Individual countries, regional organizations and partners of the United Nations must all do more to ensure the international community has “a credible capacity for rapid responses” to any future situations similar to previous episodes of genocide or ethnic cleansing, the top UN human rights official said today.
Navi Pillay, the High Commissioner for Human Rights, said the principle of “responsibility to protect” – which holds States responsible for shielding their own populations from genocide and other major human rights abuses and requires the international community to step in if this obligation is not met – must now be translated into concrete steps.
“We should all undertake an honest assessment of our ability to save lives in extraordinary situations,” she said in a statement issued a day ahead of the General Assembly’s interactive dialogue on the issue.
Ms. Pillay warned that her own experience growing up in South Africa under apartheid demonstrated that “it is not easy for the international community to respond in a situation where genocide, war crimes or other serious human rights violations are occurring.”
She said that while her office would continue to support States to fulfil their responsibilities to protect civilians, including through institution building, technical cooperation and the overall promotion of human rights, a collective effort was needed.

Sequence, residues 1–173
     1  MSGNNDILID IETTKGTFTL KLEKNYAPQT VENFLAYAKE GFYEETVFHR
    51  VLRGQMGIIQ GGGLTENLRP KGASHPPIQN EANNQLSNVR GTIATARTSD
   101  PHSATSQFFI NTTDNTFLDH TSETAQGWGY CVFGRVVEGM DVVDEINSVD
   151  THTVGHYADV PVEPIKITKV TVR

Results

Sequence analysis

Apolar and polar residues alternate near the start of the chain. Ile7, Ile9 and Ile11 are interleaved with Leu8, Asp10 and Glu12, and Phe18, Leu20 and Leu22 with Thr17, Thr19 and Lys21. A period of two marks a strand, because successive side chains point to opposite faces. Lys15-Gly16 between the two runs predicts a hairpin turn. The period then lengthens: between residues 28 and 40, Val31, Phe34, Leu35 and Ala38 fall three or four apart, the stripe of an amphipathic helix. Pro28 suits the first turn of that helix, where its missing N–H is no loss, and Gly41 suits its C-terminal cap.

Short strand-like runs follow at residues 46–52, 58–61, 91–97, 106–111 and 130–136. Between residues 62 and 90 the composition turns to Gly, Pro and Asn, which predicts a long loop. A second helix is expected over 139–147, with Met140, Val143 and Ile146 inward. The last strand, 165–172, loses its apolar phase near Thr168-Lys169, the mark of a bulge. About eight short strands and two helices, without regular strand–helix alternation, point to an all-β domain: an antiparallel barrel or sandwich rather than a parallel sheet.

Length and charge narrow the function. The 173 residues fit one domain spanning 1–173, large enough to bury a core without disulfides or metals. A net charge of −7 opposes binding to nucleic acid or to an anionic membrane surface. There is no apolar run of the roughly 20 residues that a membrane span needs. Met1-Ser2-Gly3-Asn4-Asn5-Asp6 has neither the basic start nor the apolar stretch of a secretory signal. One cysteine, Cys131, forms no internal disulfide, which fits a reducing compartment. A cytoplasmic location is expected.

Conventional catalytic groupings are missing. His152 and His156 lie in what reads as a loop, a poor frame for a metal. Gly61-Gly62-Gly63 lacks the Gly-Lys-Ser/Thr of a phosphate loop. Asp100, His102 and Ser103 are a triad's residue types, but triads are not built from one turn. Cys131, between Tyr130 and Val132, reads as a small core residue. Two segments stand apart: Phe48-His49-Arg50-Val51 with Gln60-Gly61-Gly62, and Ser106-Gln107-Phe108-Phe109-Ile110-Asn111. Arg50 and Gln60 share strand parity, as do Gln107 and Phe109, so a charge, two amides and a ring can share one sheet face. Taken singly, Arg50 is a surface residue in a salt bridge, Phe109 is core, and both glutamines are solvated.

“A concerted effort by States, UN partners and regional organizations will be required to develop and maintain a credible capacity for rapid responses to exceptional situations similar to those of Rwanda and the former Yugoslavia.
“Concerted efforts by the international community at critical moments in time could prevent the escalation of violence into genocide, war crimes, crimes against humanity or ethnic cleansing.”
Ms. Pillay’s statement echoes the remarks made yesterday by Secretary-General Ban Ki-moon, when he delivered a report to the General Assembly that outlines a series of measures designed to stop genocide and related crimes.
The proposals contained in the report rest on three pillars: State responsibility; international assistance and capacity-building; and timely and decisive response.